Someone called Jilly’s name, then the name of her band, Four Girls on Fire. At first, she thought she was dreaming – they’d just won the nation’s biggest talent show all over again, and from now on, life was going to be really amazing! - then her stomach turned over.
She disengaged herself from Rob, got out of bed and went to the window. Bloody hell, yes, down in the narrow cobbled street that fronted the guest-house. Paparazzi, sixteen or seventeen of them, all men, full of last night’s chip fat and strip-club testosterone, leering up at the net curtain like they could see through it. She swallowed.
The other girls had warned her about dating a member of a boy band, but only tongue in cheek. Twice the publicity, babes, sure you can handle that? She couldn’t help herself, though. Two years ago he’d been her hero and she’d been a nobody. Now they were equals.
“They’ve found us,” she told him.
Rob stretched and yawned. He discarded the bedclothes, picked up his boxer shorts and put his foot in one leg. “The press?”
“You don’t seem very bothered.”
“You were bloody brilliant last night, Jilly.”
“How did they know we were here?”
“I mean it. Outstanding.”
She realised she didn’t even like him much. “Did you tell them?”
“Wake up, Rob! It’s the press! I said the press have found us!”
He pulled on his boxers and put his arms round her. She disengaged herself, plonked herself at the dressing table and brushed her long brown hair, pulling halfway down as if it was full of knots. She was trying to stop herself shaking.
“Anyone could have told them,” he said. “It definitely wasn’t me, babe.”
“Put your clothes on. We’re leaving.”
“Why? They can’t get in here.”
She fished her bra from the pile of clothes on the floor and put it on. “We’re in the bloody Lake District, Rob. We’re supposed to be miles from anywhere. How did they find us so quickly?”
She looked round the room: the plaid curtains, the beds with valances, the 1920s lampshades, all the varnished wooden surfaces, so unlike the places she always stayed when she was touring with the girls. She’d fallen in love with it at first sight. She’d been drunk, true, but she’d never wanted to leave.
Rob pulled his socks and T-shirt on then looked at her. “You’re not frightened, are you?”
“They’ve probably got the place surrounded. And yes. Yes, I am frightened.”
“We’ll just call a taxi. We can be downstairs and in the car before anyone knows it.”
“I’m not bothered about us, Rob. I’m bothered about them.” Tights, tights, where were her bloody tights?
“Yeah, ‘them’. The photographers, journalists, whatever they call themselves. Them!”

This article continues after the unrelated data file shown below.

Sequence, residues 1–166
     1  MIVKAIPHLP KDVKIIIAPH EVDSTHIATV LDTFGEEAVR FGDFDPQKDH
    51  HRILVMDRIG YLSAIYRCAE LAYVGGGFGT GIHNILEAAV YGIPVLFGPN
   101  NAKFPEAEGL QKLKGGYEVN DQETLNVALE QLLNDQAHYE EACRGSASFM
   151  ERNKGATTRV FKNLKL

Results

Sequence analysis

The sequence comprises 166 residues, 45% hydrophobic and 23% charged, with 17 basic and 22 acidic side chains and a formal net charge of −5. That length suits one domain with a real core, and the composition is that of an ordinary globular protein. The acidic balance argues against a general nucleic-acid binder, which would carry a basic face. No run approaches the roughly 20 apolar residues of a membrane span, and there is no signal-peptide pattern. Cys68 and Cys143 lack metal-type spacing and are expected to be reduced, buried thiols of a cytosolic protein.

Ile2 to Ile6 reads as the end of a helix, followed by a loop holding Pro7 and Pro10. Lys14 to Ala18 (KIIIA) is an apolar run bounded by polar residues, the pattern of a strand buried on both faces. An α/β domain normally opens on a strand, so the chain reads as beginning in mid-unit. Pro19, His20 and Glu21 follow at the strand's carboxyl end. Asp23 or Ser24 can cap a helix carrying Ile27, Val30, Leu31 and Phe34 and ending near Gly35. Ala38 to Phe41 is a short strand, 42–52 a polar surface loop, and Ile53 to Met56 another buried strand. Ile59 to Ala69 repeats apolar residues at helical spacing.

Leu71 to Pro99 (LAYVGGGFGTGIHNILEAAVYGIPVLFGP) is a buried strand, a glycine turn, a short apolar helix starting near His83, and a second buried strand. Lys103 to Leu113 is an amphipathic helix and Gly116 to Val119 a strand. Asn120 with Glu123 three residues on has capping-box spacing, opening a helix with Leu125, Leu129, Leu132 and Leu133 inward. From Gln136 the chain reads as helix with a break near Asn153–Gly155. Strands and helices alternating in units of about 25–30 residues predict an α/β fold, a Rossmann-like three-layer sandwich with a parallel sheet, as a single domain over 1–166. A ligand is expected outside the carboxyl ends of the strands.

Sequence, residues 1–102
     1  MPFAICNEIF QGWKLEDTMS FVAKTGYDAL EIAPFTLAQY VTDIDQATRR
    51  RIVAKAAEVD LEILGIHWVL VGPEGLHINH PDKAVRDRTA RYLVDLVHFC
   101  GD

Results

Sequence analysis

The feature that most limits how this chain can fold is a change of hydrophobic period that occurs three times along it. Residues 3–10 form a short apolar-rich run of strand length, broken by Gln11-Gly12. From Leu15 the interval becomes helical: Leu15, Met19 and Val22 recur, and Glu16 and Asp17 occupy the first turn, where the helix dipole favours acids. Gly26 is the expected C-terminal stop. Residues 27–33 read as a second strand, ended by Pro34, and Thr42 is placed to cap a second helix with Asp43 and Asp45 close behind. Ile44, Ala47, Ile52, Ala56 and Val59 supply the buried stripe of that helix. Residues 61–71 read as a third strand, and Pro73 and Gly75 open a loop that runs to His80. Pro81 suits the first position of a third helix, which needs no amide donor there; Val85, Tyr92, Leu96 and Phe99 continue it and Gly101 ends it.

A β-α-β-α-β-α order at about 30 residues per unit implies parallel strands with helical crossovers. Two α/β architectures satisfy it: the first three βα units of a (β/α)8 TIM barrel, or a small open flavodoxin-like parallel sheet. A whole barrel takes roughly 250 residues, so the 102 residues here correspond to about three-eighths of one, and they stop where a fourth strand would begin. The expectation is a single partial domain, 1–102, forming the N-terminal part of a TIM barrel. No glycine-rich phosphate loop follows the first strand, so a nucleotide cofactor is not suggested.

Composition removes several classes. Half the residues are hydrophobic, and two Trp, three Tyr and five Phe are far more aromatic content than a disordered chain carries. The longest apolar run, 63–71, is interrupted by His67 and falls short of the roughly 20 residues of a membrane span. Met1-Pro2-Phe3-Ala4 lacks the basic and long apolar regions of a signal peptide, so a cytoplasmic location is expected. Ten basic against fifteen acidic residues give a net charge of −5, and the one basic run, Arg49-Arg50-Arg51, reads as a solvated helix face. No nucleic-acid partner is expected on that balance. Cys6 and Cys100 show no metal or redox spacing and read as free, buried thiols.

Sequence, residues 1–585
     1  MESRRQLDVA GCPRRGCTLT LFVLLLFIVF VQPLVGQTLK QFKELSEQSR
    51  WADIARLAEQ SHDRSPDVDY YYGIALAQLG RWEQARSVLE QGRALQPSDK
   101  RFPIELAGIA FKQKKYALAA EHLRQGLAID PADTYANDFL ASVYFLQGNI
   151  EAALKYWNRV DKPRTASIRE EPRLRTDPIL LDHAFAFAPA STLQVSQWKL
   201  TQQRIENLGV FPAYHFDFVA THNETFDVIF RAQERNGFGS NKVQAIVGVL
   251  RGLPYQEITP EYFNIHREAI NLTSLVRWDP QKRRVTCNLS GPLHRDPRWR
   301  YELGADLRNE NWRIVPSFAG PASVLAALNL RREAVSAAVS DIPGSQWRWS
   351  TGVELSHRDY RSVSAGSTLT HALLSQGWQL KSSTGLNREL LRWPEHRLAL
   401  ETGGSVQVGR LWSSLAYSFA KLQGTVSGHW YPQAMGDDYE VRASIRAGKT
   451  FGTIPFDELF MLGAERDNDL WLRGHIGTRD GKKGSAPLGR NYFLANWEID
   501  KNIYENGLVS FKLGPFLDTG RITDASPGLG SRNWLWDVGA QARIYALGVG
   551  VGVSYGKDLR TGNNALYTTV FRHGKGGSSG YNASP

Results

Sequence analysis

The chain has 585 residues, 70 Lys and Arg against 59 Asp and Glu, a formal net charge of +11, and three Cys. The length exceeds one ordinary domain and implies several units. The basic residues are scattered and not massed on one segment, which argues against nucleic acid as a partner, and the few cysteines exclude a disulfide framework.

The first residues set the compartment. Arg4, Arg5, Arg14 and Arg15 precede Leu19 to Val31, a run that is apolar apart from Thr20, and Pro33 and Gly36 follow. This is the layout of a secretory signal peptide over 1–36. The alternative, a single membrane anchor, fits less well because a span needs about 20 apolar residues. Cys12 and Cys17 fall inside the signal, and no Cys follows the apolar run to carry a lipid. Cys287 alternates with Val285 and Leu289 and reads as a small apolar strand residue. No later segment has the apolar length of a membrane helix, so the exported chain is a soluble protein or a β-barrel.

He laughed. “First time anyone’s cared what happens to paparazzi. Anyway, what could happen to them?”
“Haven’t you been watching the news recently? Are you really that self-obsessed?”
“Hey, now - ”
“Four photographers shot dead in four weeks. Following Bobby Keynes, Zane Cruse, Mikey from Bad Lads Zero, Stallone Laine - ”
“No such thing as bad publicity, from what I hear. Not that you need it, girl, but it won’t hurt. Besides, they’re all douche bags, right?”
She pulled her dress on and smoothed the waist. She’d had enough now. She wanted out. Of everything. “I misjudged you, Rob. They’re still human beings.”
“No, they ain’t. Anyway, what are the chances?”
“I don’t want to think about it.”
He picked up the telephone. “Is that reception? Hi, yeah … Room …”
“Fourteen,” Jilly said.
“Fourteen. Could you get a taxi pronto for me and the shorty? And fetch us the bill for the room? … Yeah, we’re leaving … Yeah, all good things have to come to an end sooner or later … Yeah, we’re disappointed too.” He put his hand over the receiver. “She knows us,” he told Jilly. “It’ll be her that told the reporters.”
He put the phone down. “About fifteen minutes. Get your face on, gorgeous.”
“I’m not waiting for her taxi to come, Rob. Not if she’s with them. I’ll get my own. There’s a rank down the road. Come on.”
“What about your make-up?”
She rammed a pair of sunglasses on and picked up her travel bag. He followed her downstairs. They didn’t stop at reception. Rob reached into his wallet, pulled out four fifties and thrust them at Mrs whatever-she-was-called, the proprietress. “Keep the change.”
Suddenly, they were out on the street. Paparazzi to their right, shouting Jilly. Jilly take off your shades, Jilly flick your hair, Jilly wave, Jilly smile, Jilly stop, who’s that with Jilly, that’s Rob from Simply Boyz, Rob give us a smile, Rob –
She took off her glasses, grabbed Rob’s hand and turned left and accelerated. She almost changed direction. There was a loud crack and she jumped like she’d been hit.
Behind them, the paparazzi roared. One of them – a photographer, about twenty-five - lay prostrate and bloody. Four others photographed him, ten or twelve were in full flight, one was trying to get a signal on his mobile. No one was interested in Jilly and Rob any more.
Rob looked at them then at her. “Oh, my God. Oh, my God.”
Jilly started screaming.
Genre – Espionage Thriller
Rating – PG
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